STELTER: That's a normal polling procedure.

ELLIS: That is not the industry standard. And that's showing President Trump 14 points behind when a Zogby poll that was released in June 11th that actually polled likely voters, not just adults that you have the audacity to publish, showed President Trump eight points ahead.

In other polls, they're showing reasonably tied.

This poll was so skewed that the margin of error was 14 points behind. The only reason that CNN published this it's because it's junk science. You know that. You know that if your poll had showed the inverse and showed Joe Biden 14 points behind, you wouldn't have published this poll. And so --


STELTER: Of course, whatever poll is commissioned is published.

ELLIS: -- you're not a journalist. You're not putting out facts. You are putting out activism --


STELTER: So, is this the strategy?

ELLIS: -- and that's why you're fake news and why your ratings are so bad.

STELTER: Is this what you're going to do between now and November 3rd, anti-media strategy all the way to Election Day? What evidence do you have that attacking the media actually helps you?

ELLIS: Well, Brian, you're actually a defendant in a current lawsuit from the campaign against CNN for publishing false and defamatory statements couched in an opinion piece. And so, this has been a consistent pattern for the last three years.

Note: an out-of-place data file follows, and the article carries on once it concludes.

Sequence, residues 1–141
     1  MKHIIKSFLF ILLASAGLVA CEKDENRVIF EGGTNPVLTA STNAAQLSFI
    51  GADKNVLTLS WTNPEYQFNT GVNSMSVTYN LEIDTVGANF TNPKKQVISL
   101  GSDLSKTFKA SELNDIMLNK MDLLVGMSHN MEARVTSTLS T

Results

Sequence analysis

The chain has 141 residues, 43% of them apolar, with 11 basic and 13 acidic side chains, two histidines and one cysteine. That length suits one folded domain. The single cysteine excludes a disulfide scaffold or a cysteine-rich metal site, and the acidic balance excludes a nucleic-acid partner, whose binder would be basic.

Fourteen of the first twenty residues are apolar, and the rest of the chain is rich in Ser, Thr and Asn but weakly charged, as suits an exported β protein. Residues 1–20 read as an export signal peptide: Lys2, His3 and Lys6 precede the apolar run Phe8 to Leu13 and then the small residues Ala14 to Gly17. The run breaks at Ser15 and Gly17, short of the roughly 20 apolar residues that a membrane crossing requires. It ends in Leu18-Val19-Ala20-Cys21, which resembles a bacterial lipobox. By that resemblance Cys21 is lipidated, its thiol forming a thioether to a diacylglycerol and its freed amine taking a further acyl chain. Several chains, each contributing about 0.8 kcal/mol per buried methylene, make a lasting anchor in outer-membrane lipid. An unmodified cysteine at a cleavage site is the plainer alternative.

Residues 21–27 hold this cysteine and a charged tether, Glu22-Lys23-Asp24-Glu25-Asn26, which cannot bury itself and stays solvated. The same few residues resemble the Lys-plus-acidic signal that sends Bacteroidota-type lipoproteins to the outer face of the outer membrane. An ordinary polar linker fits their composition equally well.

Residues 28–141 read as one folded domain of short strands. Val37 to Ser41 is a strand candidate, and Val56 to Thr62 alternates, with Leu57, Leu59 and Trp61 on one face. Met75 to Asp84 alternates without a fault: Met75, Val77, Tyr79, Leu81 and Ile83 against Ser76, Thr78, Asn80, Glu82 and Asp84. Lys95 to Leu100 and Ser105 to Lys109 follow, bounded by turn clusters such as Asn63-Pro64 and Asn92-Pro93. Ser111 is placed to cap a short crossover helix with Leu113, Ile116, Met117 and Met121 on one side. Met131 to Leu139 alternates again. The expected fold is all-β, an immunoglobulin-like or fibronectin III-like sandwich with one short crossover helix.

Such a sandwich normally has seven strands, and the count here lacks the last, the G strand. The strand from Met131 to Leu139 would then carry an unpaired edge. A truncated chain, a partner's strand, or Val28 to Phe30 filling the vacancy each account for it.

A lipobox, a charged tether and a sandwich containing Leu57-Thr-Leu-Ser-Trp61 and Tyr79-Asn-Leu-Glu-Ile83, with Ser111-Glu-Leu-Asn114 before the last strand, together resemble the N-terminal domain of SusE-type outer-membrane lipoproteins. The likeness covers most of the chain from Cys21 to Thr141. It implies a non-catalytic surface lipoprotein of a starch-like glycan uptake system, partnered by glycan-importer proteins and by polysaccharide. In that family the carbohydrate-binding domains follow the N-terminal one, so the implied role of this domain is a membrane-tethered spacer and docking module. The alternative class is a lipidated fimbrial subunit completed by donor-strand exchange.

STELTER: Right. So you're suing a couple of different news outlets for publishing an opinion. What --

ELLIS: Let me finish. Are you just going to interrupt me this whole time or can we actually have a reasonable dialogue?

This is why everyone calls your fake news because you finally bring me on to actually talk about things and then -- yet you just interrupt me and won't let me make my point. So, my point here is that this poll is junk science.


STELTER: Your comment about polling and industry standards is totally false. And it is important to interrupt when you share fake information.

ELLIS: Not true, no, you polled adults rather than registered or likely voters. That's not the industry standards --